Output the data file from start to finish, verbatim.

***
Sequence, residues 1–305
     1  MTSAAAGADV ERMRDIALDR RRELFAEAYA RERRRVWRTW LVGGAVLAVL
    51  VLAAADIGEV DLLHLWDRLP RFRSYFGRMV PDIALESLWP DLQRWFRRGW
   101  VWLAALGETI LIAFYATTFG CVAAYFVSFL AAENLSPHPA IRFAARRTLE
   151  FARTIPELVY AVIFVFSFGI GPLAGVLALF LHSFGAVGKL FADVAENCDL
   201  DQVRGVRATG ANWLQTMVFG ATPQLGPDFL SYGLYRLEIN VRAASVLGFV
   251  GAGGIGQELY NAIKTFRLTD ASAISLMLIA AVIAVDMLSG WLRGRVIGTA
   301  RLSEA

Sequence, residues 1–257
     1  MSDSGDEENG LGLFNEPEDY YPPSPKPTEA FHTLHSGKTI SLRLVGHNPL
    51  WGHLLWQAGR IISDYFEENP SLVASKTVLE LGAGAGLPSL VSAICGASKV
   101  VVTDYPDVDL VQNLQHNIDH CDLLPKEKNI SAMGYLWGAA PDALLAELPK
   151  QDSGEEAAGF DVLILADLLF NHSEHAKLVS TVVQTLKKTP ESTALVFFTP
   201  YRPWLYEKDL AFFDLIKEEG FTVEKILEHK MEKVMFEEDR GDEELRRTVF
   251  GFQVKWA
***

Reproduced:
Sequence, residues 1–305
     1  MTSAAAGADV ERMRDIALDR RRELFAEAYA RERRRVWRTW LVGGAVLAVL
    51  VLAAADIGEV DLLHLWDRLP RFRSYFGRMV PDIALESLWP DLQRWFRRGW
   101  VWLAALGETI LIAFYATTFG CVAAYFVSFL AAENLSPHPA IRFAARRTLE
   151  FARTIPELVY AVIFVFSFGI GPLAGVLALF LHSFGAVGKL FADVAENCDL
   201  DQVRGVRATG ANWLQTMVFG ATPQLGPDFL SYGLYRLEIN VRAASVLGFV
   251  GAGGIGQELY NAIKTFRLTD ASAISLMLIA AVIAVDMLSG WLRGRVIGTA
   301  RLSEA

Sequence, residues 1–257
     1  MSDSGDEENG LGLFNEPEDY YPPSPKPTEA FHTLHSGKTI SLRLVGHNPL
    51  WGHLLWQAGR IISDYFEENP SLVASKTVLE LGAGAGLPSL VSAICGASKV
   101  VVTDYPDVDL VQNLQHNIDH CDLLPKEKNI SAMGYLWGAA PDALLAELPK
   151  QDSGEEAAGF DVLILADLLF NHSEHAKLVS TVVQTLKKTP ESTALVFFTP
   201  YRPWLYEKDL AFFDLIKEEG FTVEKILEHK MEKVMFEEDR GDEELRRTVF
   251  GFQVKWA